When it comes to taking payments, more and more businesses are going exclusively digital. But not everyone is buying into the trend.
IN his nearly 30 years in the restaurant business, having done every job from waiter to regional director, Michael Ryan has learned a good deal about running a profitable house. His operational savvy helped make a success of legendary New York City names like Shaw’s Crab House and Blue Water Grill. Meanwhile, his watchful eye took note of many liabilities: the time it took to count the register drawers at night, for example, or the fivers and ten spots that would sometimes disappear into employees’ pockets as they worked behind the bar.
Which is why both locations of his latest concept, Filipino taqueria Flip Sigi, do not accept cash.
Before the restaurant adopted e-payments exclusively, “the manager was spending 20 hours a week counting cash, going to the bank and signing off on everybody’s [drawer],” Ryan says. If an employee’s count came up short, they’d be held to account for the shortage. That, Ryan says, “builds up animosity—and that takes its toll.” Today, with no cash in sight, Ryan’s manager can concentrate solely on running the restaurant, and endless cash-outs are yesterday’s problem. “We close at 11 and we’re out by 11:15,” Ryan says.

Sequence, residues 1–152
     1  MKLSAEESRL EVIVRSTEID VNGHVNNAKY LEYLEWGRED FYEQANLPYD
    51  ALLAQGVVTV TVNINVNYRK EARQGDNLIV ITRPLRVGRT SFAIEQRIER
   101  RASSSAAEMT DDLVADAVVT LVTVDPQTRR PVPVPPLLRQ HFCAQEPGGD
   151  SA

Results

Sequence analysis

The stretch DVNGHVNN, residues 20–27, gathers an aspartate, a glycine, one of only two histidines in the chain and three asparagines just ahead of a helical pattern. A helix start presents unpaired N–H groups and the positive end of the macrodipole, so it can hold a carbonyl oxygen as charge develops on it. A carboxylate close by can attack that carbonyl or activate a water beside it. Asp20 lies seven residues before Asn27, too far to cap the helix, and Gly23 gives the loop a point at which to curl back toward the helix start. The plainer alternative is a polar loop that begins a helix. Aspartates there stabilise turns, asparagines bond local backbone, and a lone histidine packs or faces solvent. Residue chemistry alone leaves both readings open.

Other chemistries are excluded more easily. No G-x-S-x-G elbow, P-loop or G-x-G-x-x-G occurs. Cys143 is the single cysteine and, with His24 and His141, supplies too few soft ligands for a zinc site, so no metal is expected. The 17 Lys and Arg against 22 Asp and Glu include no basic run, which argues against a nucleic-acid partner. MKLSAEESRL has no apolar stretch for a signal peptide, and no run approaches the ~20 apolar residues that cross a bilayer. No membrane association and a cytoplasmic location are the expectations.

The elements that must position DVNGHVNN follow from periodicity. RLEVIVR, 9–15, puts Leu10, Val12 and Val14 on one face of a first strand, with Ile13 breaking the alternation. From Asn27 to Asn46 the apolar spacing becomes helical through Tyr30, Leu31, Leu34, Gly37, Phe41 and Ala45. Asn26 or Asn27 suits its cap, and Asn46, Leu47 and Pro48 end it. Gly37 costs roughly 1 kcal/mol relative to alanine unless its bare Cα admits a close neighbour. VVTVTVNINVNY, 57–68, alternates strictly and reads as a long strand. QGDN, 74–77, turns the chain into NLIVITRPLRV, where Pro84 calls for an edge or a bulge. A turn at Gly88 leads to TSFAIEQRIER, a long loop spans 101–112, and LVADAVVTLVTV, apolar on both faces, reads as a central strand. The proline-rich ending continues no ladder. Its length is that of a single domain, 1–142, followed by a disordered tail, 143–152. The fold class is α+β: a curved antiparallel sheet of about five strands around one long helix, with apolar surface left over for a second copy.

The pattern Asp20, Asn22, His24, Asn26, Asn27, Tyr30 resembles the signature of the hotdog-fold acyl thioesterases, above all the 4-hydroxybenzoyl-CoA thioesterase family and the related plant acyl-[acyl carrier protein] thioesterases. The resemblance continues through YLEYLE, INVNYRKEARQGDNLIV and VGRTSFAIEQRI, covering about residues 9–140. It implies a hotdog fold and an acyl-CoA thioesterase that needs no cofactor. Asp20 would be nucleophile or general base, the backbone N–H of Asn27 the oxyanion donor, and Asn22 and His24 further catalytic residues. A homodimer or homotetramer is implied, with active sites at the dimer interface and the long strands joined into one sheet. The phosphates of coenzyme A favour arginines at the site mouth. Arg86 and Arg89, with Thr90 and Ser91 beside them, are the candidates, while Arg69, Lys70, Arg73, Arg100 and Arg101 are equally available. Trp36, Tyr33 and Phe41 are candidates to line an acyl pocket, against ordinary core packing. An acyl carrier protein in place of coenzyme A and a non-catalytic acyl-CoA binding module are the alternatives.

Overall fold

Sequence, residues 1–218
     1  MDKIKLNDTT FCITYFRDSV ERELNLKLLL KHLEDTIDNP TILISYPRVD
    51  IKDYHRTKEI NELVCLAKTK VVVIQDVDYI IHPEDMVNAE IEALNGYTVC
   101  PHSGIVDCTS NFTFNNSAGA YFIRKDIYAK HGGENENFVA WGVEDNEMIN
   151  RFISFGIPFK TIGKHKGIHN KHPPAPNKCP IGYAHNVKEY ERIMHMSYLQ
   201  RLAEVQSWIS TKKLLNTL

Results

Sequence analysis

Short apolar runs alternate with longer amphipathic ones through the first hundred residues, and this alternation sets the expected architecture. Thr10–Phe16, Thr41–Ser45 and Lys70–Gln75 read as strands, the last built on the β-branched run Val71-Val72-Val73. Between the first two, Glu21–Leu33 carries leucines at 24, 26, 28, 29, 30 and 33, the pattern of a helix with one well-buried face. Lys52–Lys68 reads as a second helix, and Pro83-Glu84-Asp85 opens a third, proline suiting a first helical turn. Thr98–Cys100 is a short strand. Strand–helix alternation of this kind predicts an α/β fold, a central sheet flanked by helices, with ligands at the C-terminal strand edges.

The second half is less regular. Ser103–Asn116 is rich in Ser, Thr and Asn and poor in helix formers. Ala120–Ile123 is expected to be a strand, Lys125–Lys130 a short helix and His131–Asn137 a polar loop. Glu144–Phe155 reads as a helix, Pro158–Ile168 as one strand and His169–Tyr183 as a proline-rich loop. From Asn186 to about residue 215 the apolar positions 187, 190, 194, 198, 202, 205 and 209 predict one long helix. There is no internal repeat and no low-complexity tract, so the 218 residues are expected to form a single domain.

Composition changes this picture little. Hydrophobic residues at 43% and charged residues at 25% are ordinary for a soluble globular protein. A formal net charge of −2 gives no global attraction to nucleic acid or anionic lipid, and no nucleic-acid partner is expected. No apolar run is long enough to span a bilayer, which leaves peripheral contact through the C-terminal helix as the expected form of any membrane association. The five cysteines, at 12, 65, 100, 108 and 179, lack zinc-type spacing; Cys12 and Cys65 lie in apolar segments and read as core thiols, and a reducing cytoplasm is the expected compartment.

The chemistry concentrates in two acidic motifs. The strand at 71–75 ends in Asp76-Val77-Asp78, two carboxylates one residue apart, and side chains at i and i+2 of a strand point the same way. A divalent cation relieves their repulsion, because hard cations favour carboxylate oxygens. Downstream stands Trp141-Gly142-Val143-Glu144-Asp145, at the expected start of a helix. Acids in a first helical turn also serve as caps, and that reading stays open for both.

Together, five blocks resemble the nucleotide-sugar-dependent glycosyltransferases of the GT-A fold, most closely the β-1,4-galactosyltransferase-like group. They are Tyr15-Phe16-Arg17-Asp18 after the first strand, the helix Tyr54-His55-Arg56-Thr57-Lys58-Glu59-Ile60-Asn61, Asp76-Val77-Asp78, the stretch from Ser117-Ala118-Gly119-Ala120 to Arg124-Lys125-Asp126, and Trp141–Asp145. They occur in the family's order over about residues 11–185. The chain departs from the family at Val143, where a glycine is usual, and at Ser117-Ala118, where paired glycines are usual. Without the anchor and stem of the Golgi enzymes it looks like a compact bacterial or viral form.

Though the cashless movement is largely coastal and urban—and confined, for now, to restaurants and takeout places—a growing number of businesses in America’s major cities are turning a cold shoulder to greenbacks.
At its 75 locations spread between Los Angeles and eastern seaboard cities like Philadelphia and Boston, artisanal salad shop Sweetgreen began going cashless in 2017. So did taqueria Dos Toros, with 20 locations in New York and Chicago. The influential fast-casual restaurant Tender Greens, with 27 units dotting the California coast, went cashless early in 2018. Situated in New York and Boston, locavore lunch spot Dig Inn stopped accepting cash at locations where 8 percent or fewer of the transactions were in cash, and Starbucks has been testing a cashless system at a Seattle location since last year. New York-based Union Square Hospitality Group currently has four concepts that no longer take cash—“and we have others on the way,” founder and CEO Danny Meyer promised on the company’s website.
Across the country, mom-and-pop restaurants have also joined in, some of them spurred by Visa’s 2017 “Cashless Challenge,” which handed out $10,000 prizes to 50 operators with the best stories of how eschewing paper money has helped their businesses. (Winners included Houston’s Peli Peli Kitchen and an Austin, Texas, Mexican food truck called Alli.)
“We observed about a year and a half ago that there was a front edge of this movement [of] small businesses eliminating cash altogether,” explains Visa’s chief product officer, Jack Forestell. “We thought that was an interesting choice.”
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